“As being one of hundreds of thousands of AAC users, I would like to see the people in our communities, to provide us accessibility in communication, transportation and education, to try and take time to understand us when we ask for it, and to treat us like any other able bodied individuals. We may, perhaps, look different, act differently and communicate differently, but most of us can think, learn, and interact with the world like ordinary citizens. We need people to realize everyone has a voice of their own, and so do we!” (Hoang, 2012)

To hear more stories and voices of Canadians who speak with AAC, please visit: http://kilometresforcommunication.com/stories/

Here’s a picture of the last race’s costume:

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Photo credit: Jeff Cheah. Click on the photo to see a non-distorted full version. 

Curious about what this race’s costume will look like?

  • Have Facebook? Go on the Kilometres for Communication Facebook page and share the status posted on May 5, 2012 or share the link to this blog on your profile.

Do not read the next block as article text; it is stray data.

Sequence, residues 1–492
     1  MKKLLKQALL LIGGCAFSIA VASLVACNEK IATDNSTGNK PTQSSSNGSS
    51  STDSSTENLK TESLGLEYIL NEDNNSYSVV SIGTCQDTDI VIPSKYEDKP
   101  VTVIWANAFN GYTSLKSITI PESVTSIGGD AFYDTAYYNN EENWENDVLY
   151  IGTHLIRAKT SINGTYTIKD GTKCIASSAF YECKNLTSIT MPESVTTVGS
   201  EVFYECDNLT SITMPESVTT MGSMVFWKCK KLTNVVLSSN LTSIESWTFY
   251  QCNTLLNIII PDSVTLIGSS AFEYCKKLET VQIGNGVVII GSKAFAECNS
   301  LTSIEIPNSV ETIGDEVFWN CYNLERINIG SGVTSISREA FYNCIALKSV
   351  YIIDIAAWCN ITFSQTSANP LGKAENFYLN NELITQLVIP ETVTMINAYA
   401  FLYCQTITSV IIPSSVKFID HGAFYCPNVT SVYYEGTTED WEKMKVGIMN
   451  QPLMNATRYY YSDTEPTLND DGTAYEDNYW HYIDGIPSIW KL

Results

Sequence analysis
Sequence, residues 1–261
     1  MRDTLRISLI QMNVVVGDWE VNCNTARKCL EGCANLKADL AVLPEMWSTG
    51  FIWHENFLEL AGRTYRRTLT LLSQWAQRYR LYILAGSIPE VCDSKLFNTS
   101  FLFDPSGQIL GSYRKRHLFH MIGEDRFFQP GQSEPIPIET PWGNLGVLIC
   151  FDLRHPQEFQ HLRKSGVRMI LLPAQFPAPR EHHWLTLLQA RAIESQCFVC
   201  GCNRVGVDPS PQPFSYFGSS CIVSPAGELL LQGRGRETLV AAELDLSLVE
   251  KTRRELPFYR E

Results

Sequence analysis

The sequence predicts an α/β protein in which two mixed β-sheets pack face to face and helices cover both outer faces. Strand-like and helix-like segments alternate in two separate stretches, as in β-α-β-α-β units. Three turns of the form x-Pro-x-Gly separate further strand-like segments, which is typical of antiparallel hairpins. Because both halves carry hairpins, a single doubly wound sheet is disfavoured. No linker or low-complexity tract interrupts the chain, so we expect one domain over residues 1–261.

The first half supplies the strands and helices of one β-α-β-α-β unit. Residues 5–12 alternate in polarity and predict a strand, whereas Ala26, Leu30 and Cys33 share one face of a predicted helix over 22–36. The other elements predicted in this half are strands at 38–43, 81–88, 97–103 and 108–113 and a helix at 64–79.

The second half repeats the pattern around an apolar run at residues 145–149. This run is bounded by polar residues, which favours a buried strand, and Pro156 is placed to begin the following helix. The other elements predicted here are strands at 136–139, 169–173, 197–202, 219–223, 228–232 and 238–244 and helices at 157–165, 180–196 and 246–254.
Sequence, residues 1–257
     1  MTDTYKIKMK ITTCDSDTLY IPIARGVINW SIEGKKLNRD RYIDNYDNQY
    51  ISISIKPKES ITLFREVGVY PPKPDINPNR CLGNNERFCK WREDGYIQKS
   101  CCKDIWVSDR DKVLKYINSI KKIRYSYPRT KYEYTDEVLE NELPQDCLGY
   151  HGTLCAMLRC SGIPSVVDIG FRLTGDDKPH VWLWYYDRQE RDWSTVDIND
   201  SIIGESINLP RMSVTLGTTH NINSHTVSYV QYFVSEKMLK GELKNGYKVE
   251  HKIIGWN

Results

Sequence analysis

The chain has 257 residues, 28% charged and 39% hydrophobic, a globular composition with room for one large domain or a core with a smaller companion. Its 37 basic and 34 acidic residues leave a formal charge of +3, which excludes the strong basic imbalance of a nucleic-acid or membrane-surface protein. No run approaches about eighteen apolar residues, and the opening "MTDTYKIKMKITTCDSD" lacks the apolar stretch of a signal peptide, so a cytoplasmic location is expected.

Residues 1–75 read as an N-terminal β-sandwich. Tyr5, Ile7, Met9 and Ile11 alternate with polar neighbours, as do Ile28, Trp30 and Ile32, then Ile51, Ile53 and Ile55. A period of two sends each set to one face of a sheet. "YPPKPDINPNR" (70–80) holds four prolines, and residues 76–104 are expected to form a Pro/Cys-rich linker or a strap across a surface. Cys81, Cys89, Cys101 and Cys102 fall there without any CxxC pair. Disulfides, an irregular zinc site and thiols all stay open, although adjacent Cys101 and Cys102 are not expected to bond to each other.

• Have Twitter? Tweet this post.
  • Feel like sending some emails? Please do…with the link to this post. 🙂

Route of the race and timing will be posted later tomorrow on the KM4C Facebook page for anyone eager to witness in person.

I hope that more awareness will be raised, some of you will get a laugh, and that there will be more agents of inclusion making the world a better place. Thanks for reading, and please pass this on!

-Skye

Works Cited

ACCPC. (2009). Communication Access for People Who Have Communication Disabilities. In B. Collier. Queen’s Printer for Ontario.

Hoang, T. N. (2012, May 2). (S. Wattie, Interviewer)

Augmentative and Alternative Communication Community Partnerships-Canada: http://www.accpc.ca/